BETTY WRIGHT / ‘Betty Wright Mixtape”

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3 Responses to “BETTY WRIGHT / ‘Betty Wright Mixtape””

Mtume Says:
June 8th, 2010 at 9:29 am

“You look like the kind of guy who likes the finer things in life. That’s why I want I want you to have me.”

Betty Wright spittin game! You gotta love that. 🙂

sarah Says:
June 8th, 2010 at 9:35 pm

Betty Wright is the consummate story-teller. I love her voice, but it really is her lyrics that draw you in. Wonderfully talented woman.

Kiini Says:
June 11th, 2010 at 3:02 pm

There is something very disturbing about this description of the class-based ways women are used: Betty was like one of them sisters from around the way who never made it through college, that is if she even graduated from high school. The fine, thick young sisters who made all the house parties exciting and, later on, the late night trysts so alluring, even addictive. If they married, it was seldom for too long. Today they are pejoratively referred to as “baby mamas.” I think it’s hanging something on working class women that is not solely their burden to bear. And the clear categorization of them as being there to be used and not taken seriously is chilling. As woman, I know there are ways that men think and relate to women that would (and has) deeply wounded me and those are just the gender breaks of life. Similar to the way that black people are seen as the only bearers of certain issues and burdens, it seems that this para is putting the weight of certain burdens many women share on working class women. They may be the most visible face of "baby-mama" situations, but they aren’t the only women who are saddled with taking care of family troubles and situations. Not by far. Is there any man who sees the women you are describing as equals? as wives? as life-long partners? I think so–perhaps men of their class who also aren’t college bound. I think they were and are more than just an exciting diversion for someone/somewhere. I hope in my heart for all women across class lines and all baby mamas across class lines (including myself) that there is a man out there who sees us as equals, worthy of partnership and more than a mere trifle.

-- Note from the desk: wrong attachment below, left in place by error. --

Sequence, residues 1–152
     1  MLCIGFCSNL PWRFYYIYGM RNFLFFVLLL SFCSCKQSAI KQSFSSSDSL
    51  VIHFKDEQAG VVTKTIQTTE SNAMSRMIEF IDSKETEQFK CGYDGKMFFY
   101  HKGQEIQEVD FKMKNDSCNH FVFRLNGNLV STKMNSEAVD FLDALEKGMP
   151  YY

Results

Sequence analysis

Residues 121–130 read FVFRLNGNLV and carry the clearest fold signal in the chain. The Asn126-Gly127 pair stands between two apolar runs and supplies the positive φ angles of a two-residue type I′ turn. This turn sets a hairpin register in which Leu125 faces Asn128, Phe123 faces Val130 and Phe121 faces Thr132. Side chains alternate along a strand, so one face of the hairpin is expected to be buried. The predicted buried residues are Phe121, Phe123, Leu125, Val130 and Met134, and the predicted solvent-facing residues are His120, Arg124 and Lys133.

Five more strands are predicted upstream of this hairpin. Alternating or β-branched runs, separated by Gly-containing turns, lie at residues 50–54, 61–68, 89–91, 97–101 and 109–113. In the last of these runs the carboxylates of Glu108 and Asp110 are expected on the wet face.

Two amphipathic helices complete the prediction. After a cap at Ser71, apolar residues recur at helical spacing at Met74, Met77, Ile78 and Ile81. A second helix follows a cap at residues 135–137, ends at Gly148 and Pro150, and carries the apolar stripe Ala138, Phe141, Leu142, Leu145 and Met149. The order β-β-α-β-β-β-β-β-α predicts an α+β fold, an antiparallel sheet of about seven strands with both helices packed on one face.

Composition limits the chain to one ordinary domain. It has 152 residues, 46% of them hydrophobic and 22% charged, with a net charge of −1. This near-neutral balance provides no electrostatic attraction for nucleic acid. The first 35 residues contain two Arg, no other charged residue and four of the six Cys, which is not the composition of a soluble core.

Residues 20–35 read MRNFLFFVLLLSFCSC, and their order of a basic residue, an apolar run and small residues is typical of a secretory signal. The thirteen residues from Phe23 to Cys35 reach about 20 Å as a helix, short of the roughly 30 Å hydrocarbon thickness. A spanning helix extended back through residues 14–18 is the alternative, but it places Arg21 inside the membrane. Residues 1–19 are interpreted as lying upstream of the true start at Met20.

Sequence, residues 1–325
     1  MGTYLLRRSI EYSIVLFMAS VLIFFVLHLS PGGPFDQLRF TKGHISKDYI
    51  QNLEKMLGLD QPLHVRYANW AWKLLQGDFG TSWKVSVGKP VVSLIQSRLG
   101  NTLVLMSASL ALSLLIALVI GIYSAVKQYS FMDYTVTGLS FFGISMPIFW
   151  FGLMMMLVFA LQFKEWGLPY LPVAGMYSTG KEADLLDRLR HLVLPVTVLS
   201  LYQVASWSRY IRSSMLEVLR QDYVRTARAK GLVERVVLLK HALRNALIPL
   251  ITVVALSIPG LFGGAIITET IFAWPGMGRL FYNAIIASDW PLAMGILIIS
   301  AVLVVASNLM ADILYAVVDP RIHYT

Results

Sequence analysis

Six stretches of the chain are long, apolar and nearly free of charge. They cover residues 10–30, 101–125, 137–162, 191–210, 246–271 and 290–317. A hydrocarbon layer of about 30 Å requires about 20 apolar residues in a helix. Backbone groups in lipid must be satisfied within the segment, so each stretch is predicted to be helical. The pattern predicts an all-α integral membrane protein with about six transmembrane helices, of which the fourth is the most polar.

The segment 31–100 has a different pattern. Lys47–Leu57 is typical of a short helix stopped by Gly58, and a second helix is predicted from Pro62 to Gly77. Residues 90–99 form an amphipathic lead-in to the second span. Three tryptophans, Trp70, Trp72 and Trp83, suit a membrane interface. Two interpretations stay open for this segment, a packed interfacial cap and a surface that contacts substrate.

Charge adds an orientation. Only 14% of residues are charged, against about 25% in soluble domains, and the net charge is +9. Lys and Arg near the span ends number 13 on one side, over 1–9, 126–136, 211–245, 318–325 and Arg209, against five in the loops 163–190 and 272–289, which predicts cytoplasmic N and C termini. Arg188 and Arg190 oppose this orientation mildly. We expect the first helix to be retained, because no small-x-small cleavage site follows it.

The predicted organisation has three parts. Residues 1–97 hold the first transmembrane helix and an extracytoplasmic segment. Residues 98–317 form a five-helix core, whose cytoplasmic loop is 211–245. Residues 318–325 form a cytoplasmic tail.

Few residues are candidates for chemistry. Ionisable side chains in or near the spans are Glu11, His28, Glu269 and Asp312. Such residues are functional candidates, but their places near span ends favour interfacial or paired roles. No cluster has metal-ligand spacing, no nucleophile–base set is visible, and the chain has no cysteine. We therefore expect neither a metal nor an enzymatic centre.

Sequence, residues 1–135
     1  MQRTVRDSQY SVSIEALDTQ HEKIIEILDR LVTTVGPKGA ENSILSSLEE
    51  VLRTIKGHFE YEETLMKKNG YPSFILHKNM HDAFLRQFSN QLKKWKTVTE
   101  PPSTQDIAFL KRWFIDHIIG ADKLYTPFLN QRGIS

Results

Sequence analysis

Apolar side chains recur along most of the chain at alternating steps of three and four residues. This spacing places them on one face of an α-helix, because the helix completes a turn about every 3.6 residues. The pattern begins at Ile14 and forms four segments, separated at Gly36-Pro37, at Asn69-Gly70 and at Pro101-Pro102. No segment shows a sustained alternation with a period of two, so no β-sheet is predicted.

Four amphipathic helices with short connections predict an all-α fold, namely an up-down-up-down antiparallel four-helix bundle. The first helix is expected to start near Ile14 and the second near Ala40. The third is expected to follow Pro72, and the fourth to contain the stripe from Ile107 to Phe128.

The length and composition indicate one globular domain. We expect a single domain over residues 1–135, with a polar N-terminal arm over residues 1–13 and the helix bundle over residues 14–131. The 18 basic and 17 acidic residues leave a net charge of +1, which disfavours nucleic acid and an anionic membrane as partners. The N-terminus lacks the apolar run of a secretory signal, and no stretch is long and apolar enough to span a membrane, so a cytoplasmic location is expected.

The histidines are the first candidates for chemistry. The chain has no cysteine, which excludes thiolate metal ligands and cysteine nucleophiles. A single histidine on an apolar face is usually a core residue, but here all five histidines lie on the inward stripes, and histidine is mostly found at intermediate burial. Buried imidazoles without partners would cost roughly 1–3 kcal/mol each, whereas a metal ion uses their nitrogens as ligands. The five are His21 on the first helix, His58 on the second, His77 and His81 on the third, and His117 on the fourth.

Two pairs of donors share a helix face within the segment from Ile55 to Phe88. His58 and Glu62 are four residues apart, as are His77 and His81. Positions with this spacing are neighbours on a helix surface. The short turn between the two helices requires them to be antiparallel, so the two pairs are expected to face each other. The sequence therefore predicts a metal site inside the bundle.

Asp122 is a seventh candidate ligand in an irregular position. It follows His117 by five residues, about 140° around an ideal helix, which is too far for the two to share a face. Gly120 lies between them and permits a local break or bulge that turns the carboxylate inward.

kalamu sez:            

i think you are absolutely right that the viewpoint is disturbing, but what is even more disturbing is that i think the portrait is accurate in terms of that is how men in general view women. on an individual level, i.e. one particular person to another particular person, there can be and there some times is mutual affection and love, but in terms of the general outlook, that is a different reality. those songs that betty both "wrote" and sang came from somewhere. from where do you think they came? "they" being the sentiments expressed in those songs, the situations described by those songs? an accurate snapshot of our social reality is disturbing. our social situation is disturbing, especially when the "our" is the situations and circumstances faced by young, working class women in america today, and, indeed, across the world. in many, many ways the situation has grown more disturbing rather than less disturbing since the sixties. that is why we need a revolution, including a revolution of the mind, which is why i wished for more social awareness. telling the truth is disturbing and creating a better world is revolutionary precisely because we are in a bad position and our condition is no accident but rather the result of specific actions of our oppressors and exploiters combined with our specific reactions and choices. i was not describing what should be or what i wanted things to be but rather describing what was and is a social reality—a disturbing social reality.



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